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Posts tagged with ‘slow travel’

Traveling Around The World For Free

Backpacker relaxing and enjoying the view of the Torres Del Paine national park in Chili

While my travels are usually measured in days or weeks, most of the other travelers I’ve encountered during my journeys were usually on the trail for months on end, and sometimes even years. It requires a completely different pace of life. It’s a lifestyle in itself. For if you’re not pressed for time, the slower you travel, the cheaper you can live.

The article ‘How to travel the world for free‘, goes on to explains how one can explore our planet with just pennies in your pocket. Though I have some doubts if it can really be done completly for free; you can probably go a long way if your goal  is to immerse yourself in the different cultures and customs you may encounter during your travels, while skipping the hightlights and tourist hotspots.

Exotic Train Travel: a list of the nine best rail journeys

The Tangula luxury train traveling through the Uninhabitable yet beautiful landscape of Tibet.

Having finally taken the Eurostar from Brussels to London and back, it not only struck me how small Europe has actually become; compared to the state of air travel to today, trains have become a lot more enjoyable and comfortable way to travel. While it’s hard to claim the Eurostar trip as being exotic, other rail lines do speak to the imagination. For example the Orient Express, that in its heyday followed the famous silk road. Or the Trans Siberian, which probably is not only the longest rail line in the world, but is also a destination in itself. “The nine best train journeys in the world” has put together a list of the more interesting rail lines, some of which I had never even heard of up until now. Never the less, they all look quite interesting.

One line missing though is the Tangula, which connects Beijing with Lhasa in Tibet. Maybe out of political correctness? The railroad itself is a remarkable feat in engineering that traverses through some of the most harshest environments on this planet. Because of the extreme heights it runs at, the cabins are pressurized. There is already a regular line running on this route, but apparently, the Chinese have also added a luxury train.

Great for Beijing, but for Tibet however, the railroad is a threat. For it has long been Beijing’s policy to actively relocate and subsidize the majority Han Chinese to the poorer areas of the country. From their point of view, they are simply spreading prosperity and trying to increase the standards of living for all Chinese. But with this new rail line, traveling and moving to Tibet has become a lot more easier. The danger for Tibet however is the further loss of their culture, identity, but most important of all, their autonomy. If they had any left. The Tangula is probably one of those rides you have to take with a lot of mixed feelings.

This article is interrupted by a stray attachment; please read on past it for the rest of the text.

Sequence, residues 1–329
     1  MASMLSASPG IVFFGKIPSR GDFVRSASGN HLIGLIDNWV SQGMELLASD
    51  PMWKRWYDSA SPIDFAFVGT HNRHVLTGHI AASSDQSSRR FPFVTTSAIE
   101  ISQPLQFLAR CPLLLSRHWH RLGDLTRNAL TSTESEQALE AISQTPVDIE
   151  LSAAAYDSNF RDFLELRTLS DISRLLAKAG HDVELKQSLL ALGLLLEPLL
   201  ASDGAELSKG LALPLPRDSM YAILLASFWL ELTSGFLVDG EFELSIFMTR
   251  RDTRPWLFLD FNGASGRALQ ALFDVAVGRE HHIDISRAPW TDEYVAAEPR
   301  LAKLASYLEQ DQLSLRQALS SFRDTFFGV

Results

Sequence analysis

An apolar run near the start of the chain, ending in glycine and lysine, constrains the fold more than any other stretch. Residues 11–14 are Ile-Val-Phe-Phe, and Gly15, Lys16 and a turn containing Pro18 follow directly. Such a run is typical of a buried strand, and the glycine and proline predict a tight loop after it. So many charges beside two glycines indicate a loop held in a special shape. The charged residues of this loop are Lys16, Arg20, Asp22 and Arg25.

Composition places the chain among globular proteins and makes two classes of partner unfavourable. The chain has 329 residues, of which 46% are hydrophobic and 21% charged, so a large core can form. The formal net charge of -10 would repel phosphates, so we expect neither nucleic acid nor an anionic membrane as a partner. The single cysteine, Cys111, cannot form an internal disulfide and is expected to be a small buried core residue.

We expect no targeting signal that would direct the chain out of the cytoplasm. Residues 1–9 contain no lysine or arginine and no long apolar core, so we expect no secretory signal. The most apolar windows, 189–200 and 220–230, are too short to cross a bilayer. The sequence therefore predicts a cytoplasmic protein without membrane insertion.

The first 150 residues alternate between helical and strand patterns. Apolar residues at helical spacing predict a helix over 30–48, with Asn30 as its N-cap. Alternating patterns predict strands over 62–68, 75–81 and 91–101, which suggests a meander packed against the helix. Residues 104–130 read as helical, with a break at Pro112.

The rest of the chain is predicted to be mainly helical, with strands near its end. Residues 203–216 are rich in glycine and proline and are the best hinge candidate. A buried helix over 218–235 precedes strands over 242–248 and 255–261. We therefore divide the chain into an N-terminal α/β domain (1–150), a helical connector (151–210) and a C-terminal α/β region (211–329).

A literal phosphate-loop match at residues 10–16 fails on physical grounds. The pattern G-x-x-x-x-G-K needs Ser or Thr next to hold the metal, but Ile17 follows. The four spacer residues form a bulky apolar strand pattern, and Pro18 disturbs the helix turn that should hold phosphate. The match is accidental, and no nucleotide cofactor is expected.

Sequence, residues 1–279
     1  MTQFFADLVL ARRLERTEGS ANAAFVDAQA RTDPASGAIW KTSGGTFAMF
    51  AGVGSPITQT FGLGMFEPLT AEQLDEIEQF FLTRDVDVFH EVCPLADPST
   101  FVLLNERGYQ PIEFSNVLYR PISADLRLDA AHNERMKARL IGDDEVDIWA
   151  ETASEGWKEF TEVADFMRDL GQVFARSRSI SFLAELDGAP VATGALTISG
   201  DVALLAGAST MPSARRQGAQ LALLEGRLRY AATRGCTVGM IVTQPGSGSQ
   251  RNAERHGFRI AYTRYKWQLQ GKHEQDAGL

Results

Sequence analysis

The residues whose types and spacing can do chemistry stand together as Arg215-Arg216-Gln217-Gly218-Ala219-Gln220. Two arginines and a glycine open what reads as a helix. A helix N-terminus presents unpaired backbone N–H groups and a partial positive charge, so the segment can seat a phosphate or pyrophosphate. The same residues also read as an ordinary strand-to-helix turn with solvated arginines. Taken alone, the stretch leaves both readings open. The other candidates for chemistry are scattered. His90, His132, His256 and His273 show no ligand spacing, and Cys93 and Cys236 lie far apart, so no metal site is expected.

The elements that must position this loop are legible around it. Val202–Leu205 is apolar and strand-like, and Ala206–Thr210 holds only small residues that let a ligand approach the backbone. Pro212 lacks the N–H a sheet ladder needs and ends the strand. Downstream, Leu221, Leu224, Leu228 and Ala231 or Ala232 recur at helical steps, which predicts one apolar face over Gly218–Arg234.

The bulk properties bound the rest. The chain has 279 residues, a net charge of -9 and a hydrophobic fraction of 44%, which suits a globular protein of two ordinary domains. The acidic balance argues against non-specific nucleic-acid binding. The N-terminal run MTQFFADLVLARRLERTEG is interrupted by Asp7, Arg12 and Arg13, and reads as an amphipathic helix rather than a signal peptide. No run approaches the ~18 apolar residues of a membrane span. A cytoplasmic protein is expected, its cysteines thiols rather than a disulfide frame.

Hitch a Ride on a Cargo Ship

While a cruise on a luxury ship has never really appealed to me, I have discovered a new found love for ocean travel. Great was my surprise when I discovered that it is possible to ride along with one of the many cargo ships that cross our seas. They are the unsung hero’sof our globalized world. But social commentary aside, there is something to be said about slow travel. It’s an excellent way of stepping out of our hectic lives and coming to terms with how to fill your time once you’re confronted with too much of it.

Little red ship at Neko Harbour

Where my love of ocean travel began.

Freight travel by sea also has a notorious reputation for serving really great food. With crews away from home for months at a time, it has been proved that a world class chef onboard is the best way to keep morale high for those long trips out at sea. Traveling with a freight line is not cheap however. But you do get your own cabin rather then being packed and sealed into one of the containers they are transporting. And did I mention the food?

Nowadays, there  is also the added excitement of being boarded by pirates and taken hostage for huge ransoms. Chanses of stumbling across Jack Sparrow may be slim in this day and age, but still. Imagine the stories you could tell. And believe me, if you had to choose between buccaneering with pirates or sharing a plane with a terrorist, I would go for the first.

Any way, more information about cargo travel can be found over here: http://thetravelersnotebook.com/how-to/how-to-travel-by-cargo-ship/

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